Shakespeare's Globe

RSS Touring 2

"We fought with pool cues, and Yorick's skull was a rock. It was totally make-believe. And there's a sense of beauty in that as well I think, there's a sense of childishness in it, a kind of play, which is warming to see in a professional setting."

In his fifth interview, Naeem talks about performing without set, props or costume in Micronesia, about big reactions to little moments, and two key revelations of Hamlet's character.

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Time: 13 minutes 36 seconds

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Transcript of Podcast

David Ralf: Welcome back to the Adopt An Actor podcast. This is the fifth interview with Naeem Hayat, one of the Hamlets from the Globe to Globe World Tour. You're back from your sixth leg. You described Hamlet as very sharp-minded. Has his sharp mind dulled from an awful lot of travel?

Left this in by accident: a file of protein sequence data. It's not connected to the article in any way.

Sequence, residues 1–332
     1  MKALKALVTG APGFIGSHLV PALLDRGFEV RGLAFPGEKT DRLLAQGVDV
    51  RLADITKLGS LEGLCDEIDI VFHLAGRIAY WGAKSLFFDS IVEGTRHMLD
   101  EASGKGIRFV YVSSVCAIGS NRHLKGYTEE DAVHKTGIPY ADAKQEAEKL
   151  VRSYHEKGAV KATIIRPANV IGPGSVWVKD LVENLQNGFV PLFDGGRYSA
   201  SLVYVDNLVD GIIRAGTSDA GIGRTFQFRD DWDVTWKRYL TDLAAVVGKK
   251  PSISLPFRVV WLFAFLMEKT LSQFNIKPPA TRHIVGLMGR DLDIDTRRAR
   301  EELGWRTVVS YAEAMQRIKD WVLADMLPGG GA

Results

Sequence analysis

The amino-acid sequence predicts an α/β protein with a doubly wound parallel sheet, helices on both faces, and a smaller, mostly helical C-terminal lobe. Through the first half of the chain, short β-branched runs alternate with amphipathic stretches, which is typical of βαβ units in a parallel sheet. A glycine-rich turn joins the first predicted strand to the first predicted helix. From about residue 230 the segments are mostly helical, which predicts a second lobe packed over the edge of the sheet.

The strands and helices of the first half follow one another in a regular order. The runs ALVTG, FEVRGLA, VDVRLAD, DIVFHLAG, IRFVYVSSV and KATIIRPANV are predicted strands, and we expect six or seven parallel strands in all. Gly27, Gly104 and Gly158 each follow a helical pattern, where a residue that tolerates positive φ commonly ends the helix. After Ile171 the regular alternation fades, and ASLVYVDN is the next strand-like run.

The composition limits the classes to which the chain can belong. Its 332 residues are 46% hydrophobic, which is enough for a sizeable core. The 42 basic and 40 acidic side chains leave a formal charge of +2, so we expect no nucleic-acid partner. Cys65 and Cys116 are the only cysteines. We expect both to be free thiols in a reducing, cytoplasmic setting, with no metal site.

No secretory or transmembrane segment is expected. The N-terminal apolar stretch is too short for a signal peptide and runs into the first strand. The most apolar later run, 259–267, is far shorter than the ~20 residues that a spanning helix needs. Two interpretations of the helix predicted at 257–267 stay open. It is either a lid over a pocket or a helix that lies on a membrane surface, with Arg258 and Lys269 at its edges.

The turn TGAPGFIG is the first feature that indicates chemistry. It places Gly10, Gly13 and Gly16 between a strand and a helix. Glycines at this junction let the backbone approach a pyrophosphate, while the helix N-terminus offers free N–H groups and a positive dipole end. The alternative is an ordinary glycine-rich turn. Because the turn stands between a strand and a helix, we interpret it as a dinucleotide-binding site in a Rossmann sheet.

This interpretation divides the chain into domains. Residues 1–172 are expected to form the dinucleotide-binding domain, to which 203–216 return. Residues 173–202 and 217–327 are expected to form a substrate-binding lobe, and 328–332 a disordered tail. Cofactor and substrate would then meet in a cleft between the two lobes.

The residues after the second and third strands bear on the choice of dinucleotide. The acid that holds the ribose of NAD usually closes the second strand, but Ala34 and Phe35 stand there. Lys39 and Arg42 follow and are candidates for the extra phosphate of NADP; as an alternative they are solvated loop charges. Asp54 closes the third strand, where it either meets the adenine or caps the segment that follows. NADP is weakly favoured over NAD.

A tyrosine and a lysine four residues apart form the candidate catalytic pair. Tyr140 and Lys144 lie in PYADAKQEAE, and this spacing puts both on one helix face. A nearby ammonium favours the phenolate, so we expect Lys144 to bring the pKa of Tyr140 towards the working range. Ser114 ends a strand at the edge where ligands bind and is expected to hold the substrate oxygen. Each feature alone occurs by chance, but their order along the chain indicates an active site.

Naeem Hayat: No he's still there! He's still there just about. The travel is exhausting, often, but it's equally exciting and equally inspiring as it is tiring. So he's still there, just about.

DR: In Kiribati and Micronesia you had a particular challenge, because your set and costume and props were caught in transit. So did that shake things up for you?

NH: It did, it changed the entire aesthetic of the show, really. And it changed the way we played because we, for the first time in Kiribati for example we had nothing. So we played entirely in our own clothes. Which is different to, say, not having one prop, or one piece of costume. It was suddenly entirely make it up as you go along. That show I wore pretty much what I'm wearing now, which is one a testament to how small our wardrobes had become, and two, there was just a genuine playfulness and ease with which we had to approach those shows, because we have nothing really. We fought with pool cues, and Yorick's skull was a rock. It was totally make-believe. And there's a sense of beauty in that as well I think, there's a sense of childishness in it, a kind of play, which is warming. It's a sort of similar thing to kids just believing that a stick is a sword. And there's some kind of childishness to it which is warming to see in a professional setting.

DR: Obviously you hadn't played to that audience before, but did you find that audience responded to that aesthetic?